Primary physical education (PE): School leader perceptions about classroom teacher quality implementation

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Abstract
Quality physical education (QPE) in primary school optimises children’s well-being. However, international research indicates that the preparation of classroom teachers is impeded by systemic barriers, resulting in low-classroom teacher confidence, competence and subsequent interest. This empirical research investigates school principal [headteacher] perceptions of how quality physical education in primary schools is implemented. The 73 principal [headteacher] participants were randomly selected to represent a cross-section of Government Primary School communities, in a region, where PE responsibility lies with classroom teachers; New South Wales (NSW), Australia. Data were gathered using ex-post facto surveys embedded within an interpretivist paradigm. The questionnaire formulated open-ended questions providing principals [headteachers] with the opportunity to express themselves, and closed-ended questions where they chose the category that best described their school. Findings suggest the largest barrier for QPE in primary schools is the qualifications and preparation of teachers. It is recommended that opportunities for developmentally appropriate primary education PE specialisms be provided within degrees, allowing every primary school over time to have a sustainable infrastructure of PE expertise and advocacy. This recommendation will in time provide QPE experiences for all children; offering global direction for learning in the physical dimension and consequently, optimise holistic education.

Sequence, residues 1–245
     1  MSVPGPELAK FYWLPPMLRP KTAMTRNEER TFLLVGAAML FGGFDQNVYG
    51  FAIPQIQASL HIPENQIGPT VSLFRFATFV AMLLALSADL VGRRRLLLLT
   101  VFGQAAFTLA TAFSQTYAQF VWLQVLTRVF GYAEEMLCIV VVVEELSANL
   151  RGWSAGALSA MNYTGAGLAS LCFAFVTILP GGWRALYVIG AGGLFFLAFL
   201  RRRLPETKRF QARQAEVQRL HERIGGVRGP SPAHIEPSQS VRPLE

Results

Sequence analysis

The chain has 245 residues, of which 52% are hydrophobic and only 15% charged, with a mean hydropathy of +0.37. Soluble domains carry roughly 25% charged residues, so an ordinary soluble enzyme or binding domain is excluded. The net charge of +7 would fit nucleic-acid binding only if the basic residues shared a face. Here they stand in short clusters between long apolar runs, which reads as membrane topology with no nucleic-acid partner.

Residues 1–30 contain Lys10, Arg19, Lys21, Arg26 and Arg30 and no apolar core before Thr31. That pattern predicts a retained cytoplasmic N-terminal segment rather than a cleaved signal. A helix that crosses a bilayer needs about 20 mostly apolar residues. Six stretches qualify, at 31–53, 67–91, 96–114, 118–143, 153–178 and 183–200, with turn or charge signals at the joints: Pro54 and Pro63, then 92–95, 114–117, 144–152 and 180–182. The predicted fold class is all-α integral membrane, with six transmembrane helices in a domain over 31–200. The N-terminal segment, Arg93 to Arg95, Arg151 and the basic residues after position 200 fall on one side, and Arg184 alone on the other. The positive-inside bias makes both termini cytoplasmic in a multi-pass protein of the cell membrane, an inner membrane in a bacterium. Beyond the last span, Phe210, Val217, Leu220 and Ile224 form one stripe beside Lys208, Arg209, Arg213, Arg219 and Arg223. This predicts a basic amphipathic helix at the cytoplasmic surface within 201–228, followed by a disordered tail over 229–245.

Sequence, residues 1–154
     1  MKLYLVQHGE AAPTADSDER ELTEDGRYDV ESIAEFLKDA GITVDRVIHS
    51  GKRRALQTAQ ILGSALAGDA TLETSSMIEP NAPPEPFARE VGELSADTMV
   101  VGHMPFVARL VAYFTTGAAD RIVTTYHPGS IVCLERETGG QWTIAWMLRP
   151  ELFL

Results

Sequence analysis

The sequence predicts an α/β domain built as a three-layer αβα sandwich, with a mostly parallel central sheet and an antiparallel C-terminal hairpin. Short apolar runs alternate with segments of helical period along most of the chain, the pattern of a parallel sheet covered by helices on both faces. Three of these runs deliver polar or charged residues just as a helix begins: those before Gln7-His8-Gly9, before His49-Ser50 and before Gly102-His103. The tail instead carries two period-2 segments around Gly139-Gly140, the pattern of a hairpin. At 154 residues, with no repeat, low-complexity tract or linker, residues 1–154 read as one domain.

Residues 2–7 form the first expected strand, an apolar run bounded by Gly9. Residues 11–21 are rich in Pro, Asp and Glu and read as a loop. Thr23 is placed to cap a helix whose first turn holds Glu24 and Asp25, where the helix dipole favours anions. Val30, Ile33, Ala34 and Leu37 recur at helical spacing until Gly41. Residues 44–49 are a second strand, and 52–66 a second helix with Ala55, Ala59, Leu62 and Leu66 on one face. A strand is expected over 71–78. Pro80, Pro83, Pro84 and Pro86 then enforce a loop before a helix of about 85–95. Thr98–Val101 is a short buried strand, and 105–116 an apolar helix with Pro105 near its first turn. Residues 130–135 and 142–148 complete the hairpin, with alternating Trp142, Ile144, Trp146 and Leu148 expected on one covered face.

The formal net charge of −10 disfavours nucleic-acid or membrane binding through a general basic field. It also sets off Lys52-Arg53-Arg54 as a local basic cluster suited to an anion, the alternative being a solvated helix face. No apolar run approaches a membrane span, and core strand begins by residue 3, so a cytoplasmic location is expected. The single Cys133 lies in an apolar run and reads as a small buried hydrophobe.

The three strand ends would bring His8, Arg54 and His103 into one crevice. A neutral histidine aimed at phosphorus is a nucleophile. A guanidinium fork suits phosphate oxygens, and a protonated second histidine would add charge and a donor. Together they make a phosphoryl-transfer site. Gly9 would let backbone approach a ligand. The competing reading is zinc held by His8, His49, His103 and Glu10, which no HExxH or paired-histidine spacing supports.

DOI: https://doi.org/10.1080/2331186X.2017.1348925

Primary physical education PE School leader perceptions about classroom teacher quality implementation

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